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ON FAITH & MEDIA View Comments

Pirates of the Caribbean:
On Stranger Tides


By
Sr. Rose Pacatte, F.S.P.
Source: AmericanCatholic.org

In this fourth “Pirates of the Caribbean” film, Captain Jack Sparrow is once again trying to escape from the British – this time causing pirate-style chaos right in the center London. He carriage-surfs, much to the delight of the audience. He must discover who is impersonating him and how to find a ship, since the Black Pearl has been sunk, while checking in with his dad (Keith Richards) before shoving off.

This time, it is imperative that he beat the Spaniards and his pirate nemesis Barbarossa (Geoffrey Rush), who has a legitimate commission from King George to find the fountain of youth, before anyone else.

Sparrow ends up on the ship run by the pirate Blackbeard (Ian McShane) and his supposed daughter, Anjelica (Penelope Cruz). Sparrow and Anjelica know one another and they spend the film sparring with one another as much as everyone else.

The film actually addresses themes of religion, superstition, fantasy, redemption through mankind’s endless search for eternal youth so as to avoid death. There’s commentary on clerical missionaries and celibacy, but I am not sure how serious this is meant to be. The voodoo doll, that everyone knows is superstition, calls for some conversation between parents and children, just to make sure they understand it as a comic device rather than a supernatural way to control people.

Any other film might get bogged down in details or a message, but “On Stranger Tides” keeps tying the themes up with weaving rope and sails – literally. The scenic effects, special effects, and art direction express the complex craft of making a highly entertaining multimillion dollar film that keeps our attention from the opening scene.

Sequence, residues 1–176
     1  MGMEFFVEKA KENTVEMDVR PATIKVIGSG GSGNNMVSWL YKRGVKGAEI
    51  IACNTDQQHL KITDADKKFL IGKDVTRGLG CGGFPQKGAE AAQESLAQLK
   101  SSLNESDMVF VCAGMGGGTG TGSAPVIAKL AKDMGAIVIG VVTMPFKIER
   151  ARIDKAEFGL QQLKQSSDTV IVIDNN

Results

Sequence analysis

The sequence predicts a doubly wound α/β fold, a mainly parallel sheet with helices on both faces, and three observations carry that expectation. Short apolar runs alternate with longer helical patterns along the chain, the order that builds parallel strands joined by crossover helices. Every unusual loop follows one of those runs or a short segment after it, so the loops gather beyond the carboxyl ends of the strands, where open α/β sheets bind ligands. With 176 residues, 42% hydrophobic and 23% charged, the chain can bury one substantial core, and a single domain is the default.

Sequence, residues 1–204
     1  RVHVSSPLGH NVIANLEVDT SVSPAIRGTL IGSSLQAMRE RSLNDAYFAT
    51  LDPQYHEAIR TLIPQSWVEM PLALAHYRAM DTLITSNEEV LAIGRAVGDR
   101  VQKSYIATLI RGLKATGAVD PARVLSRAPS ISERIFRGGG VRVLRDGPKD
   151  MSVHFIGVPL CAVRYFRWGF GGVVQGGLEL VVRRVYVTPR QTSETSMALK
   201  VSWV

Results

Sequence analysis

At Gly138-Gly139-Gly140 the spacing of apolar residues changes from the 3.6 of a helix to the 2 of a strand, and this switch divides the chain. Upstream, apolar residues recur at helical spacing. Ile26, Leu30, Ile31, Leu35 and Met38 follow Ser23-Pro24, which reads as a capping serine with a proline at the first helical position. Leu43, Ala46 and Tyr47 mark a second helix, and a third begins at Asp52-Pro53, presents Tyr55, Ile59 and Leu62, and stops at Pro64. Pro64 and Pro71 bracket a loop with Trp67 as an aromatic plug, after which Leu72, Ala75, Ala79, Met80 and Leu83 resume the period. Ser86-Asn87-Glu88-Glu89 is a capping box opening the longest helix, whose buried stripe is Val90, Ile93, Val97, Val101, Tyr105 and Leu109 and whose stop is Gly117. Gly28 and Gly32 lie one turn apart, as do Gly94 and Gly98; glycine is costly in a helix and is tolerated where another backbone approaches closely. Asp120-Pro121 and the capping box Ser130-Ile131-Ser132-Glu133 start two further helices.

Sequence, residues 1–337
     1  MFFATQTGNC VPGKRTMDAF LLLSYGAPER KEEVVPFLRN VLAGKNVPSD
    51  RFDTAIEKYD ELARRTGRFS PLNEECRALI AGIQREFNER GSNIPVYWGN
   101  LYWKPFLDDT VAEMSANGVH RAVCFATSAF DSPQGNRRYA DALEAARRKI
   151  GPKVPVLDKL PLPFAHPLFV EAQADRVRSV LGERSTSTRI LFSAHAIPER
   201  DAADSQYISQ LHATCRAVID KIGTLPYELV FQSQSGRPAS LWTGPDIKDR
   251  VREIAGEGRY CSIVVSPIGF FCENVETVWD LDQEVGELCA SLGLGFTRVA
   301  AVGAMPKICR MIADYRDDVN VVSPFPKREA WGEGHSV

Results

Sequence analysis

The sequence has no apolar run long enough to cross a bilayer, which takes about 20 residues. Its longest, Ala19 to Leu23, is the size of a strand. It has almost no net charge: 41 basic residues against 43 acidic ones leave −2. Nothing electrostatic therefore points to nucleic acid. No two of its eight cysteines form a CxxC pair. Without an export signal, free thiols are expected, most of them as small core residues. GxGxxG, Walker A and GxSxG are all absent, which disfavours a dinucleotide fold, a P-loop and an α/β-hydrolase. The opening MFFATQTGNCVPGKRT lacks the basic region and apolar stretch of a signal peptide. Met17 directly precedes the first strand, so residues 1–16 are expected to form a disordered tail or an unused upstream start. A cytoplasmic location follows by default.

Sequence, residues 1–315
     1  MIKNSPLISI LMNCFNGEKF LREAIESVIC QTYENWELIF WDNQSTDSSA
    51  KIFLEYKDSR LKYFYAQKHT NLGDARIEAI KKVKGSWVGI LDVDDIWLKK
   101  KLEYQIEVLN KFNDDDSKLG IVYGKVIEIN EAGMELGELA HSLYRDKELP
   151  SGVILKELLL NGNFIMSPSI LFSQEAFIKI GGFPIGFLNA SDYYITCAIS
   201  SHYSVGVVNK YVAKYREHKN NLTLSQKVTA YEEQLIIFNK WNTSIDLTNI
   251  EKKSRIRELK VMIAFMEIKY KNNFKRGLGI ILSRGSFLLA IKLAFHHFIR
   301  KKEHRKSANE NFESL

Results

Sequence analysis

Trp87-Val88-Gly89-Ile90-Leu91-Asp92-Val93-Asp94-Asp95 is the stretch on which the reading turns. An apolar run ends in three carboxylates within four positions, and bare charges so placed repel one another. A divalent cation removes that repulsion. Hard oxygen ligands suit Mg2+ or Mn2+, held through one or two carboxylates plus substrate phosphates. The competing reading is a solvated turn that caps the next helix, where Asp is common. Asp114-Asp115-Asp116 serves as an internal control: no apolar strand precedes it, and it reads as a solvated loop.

There are not many female characters in the Pirates of the Caribbean franchise, and it is interesting to analyze their roles in the stories. This is why you must stay with this film until the last credit rolls, or you might get the wrong idea about who really wins the day.


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Apollonia: The persecution of Christians began in Alexandria during the reign of the Emperor Philip. The first victim of the pagan mob was an old man named Metrius, who was tortured and then stoned to death. The second person who refused to worship their false idols was a Christian woman named Quinta. Her words infuriated the mob and she was scourged and stoned. 
<p>While most of the Christians were fleeing the city, abandoning all their worldly possessions, an old deaconess, Apollonia, was seized. The crowds beat her, knocking out all of her teeth. Then they lit a large fire and threatened to throw her in it if she did not curse her God. She begged them to wait a moment, acting as if she was considering their requests. Instead, she jumped willingly into the flames and so suffered martyrdom.</p><p>There were many churches and altars dedicated to her. Apollonia is the patroness of dentists, and people suffering from toothache and other dental diseases often ask her intercession. She is pictured with a pair of pincers holding a tooth or with a golden tooth suspended from her necklace. St. Augustine explained her voluntary martyrdom as a special inspiration of the Holy Spirit, since no one is allowed to cause his or her own death.</p> American Catholic Blog We can find Christ among the despised, voiceless, and forgotten of the world. We have to move beyond that which we wish to ignore and forget about: embrace the seemingly un-embraceable, love the unlovable, and dare to know what we most fear and wish to leave unknowable.

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